19. Tsuji Y, Miller LL, Miller SC, Torti SV, Torti FM. Tumor necrosis factor-alpha and interleukin 1- alpha regulate transferrin receptor in human diploid fibroblasts. Relationship to the induction of ferritin heavy chain. J Biol Chem. 1991; 266:7257–7261.

20. Di Sanzo M, Gaspari M, Misaggi R, Romeo F, Falbo L, De Marco C, Agosti V, Quaresima B, Barni T, Viglietto G, Larsen MR, Cuda G, Costanzo FS, et al. H ferritin gene silencing in a human metastatic melanoma cell line: a proteomic analysis. J Proteome Res. 2011; 10:5444–5453.

21. Biamonte F, Zolea F, Bisognin A, Di Sanzo M, Saccoman C, Scumaci D, Aversa I, Panebianco M, Faniello MC, Bortoluzzi S, Cuda G, Costanzo F. H-Ferritin-Regulated MicroRNAs Modulate Gene Expression in K562 Cells. PlosOne. 2015; 10: e0122105.

22. O’Brien CA, Kreso A, Jamieson CH. Cancer stem cells and self-renewal. Clin Cancer Res. 2010; 16:3113–20.

23. Meacham Corbin E, Morrison Sean J. Tumour heterogeneity and cancer cell plasticity. Nature. 2013; 501:328–37.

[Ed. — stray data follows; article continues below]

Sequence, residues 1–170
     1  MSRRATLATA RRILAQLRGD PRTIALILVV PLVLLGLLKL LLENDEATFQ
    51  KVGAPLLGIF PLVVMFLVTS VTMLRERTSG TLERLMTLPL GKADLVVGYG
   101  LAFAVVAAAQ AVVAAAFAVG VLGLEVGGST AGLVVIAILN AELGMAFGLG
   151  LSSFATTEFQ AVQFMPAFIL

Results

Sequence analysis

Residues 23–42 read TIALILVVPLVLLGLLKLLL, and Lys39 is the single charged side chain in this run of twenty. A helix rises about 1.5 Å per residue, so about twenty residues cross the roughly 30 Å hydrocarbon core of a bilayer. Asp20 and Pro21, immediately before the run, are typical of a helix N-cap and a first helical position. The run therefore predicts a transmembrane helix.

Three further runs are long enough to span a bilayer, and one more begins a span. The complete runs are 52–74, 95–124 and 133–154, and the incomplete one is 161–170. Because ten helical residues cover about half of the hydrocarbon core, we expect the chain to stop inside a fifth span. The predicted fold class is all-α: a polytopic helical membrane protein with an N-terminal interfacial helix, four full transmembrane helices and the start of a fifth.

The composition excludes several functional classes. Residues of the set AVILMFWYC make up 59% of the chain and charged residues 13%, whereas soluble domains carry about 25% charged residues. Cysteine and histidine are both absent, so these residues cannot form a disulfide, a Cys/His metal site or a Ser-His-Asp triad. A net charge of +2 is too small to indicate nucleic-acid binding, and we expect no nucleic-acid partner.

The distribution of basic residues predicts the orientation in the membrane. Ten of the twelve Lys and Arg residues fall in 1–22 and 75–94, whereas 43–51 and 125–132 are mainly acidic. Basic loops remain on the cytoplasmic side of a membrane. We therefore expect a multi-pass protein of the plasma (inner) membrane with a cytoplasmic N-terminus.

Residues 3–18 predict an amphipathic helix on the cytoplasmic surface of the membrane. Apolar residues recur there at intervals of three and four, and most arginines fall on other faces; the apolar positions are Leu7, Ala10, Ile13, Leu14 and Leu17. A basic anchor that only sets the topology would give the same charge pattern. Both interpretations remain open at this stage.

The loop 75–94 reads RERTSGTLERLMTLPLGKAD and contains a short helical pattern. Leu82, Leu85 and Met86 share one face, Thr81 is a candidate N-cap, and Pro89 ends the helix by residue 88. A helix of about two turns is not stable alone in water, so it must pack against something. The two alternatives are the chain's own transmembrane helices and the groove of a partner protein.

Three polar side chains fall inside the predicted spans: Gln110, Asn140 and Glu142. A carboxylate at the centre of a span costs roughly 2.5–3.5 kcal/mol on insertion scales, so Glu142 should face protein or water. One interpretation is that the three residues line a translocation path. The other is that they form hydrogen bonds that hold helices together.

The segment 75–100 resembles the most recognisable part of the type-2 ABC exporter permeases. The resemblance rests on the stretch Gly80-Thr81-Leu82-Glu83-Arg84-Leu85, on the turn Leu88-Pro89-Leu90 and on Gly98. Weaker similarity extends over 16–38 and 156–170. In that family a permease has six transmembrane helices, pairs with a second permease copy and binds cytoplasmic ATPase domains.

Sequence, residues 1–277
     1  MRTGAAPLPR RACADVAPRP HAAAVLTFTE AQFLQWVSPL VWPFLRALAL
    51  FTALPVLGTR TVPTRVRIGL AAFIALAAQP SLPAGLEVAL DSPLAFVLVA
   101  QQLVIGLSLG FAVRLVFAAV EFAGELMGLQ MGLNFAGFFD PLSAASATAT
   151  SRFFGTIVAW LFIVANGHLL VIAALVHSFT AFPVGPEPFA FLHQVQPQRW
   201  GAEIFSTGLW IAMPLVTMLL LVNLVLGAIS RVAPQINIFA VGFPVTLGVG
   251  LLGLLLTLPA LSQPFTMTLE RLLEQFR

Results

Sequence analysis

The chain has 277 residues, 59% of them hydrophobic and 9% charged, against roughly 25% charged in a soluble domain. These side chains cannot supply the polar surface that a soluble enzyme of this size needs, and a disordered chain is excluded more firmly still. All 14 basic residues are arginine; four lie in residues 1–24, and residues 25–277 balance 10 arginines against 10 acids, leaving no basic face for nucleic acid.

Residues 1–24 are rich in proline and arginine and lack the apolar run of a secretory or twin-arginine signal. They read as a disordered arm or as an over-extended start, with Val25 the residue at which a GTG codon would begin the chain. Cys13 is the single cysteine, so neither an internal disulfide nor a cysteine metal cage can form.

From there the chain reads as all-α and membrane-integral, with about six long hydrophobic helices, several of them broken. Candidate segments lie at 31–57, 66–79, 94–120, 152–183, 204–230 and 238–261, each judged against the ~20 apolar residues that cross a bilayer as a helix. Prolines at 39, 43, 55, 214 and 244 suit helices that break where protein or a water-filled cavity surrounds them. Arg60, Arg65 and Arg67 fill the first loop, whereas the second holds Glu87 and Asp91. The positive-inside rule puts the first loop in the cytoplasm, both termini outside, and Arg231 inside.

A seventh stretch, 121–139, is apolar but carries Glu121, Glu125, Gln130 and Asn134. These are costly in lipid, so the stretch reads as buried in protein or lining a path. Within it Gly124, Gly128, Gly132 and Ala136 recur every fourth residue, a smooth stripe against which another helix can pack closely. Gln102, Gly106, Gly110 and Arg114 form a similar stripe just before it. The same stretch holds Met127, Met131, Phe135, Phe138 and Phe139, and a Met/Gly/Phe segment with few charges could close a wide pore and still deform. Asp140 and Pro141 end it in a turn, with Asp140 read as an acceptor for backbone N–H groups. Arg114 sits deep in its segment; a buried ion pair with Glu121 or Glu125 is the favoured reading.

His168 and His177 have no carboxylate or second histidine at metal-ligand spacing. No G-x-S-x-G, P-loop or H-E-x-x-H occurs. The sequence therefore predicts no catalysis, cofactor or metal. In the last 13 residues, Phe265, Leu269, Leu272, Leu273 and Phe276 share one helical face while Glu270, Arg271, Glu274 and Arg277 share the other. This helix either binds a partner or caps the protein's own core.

24. Tirino V, Desiderio V, Paino F, De Rosa A, Papaccio F, La Noce M, Laino L, De Francesco F, Papaccio G. Cancer stem cells in solid tumors: an overview and new approaches for their isolation and characterization. FASEB J. 2013; 27:13–24.

25. Tomita H, Tanaka K, Tanaka T, Hara A. Aldehyde dehydrogenase1A1 in stem cells and cancer. Oncotarget. 2016; 7:11018–32. doi: 10.18632/oncotarget.6920.

26. Weiswald LB, Bellet D, Dangles-Marie V. Spherical cancer models in tumor biology. Neoplasia. 2015; 17:1–15.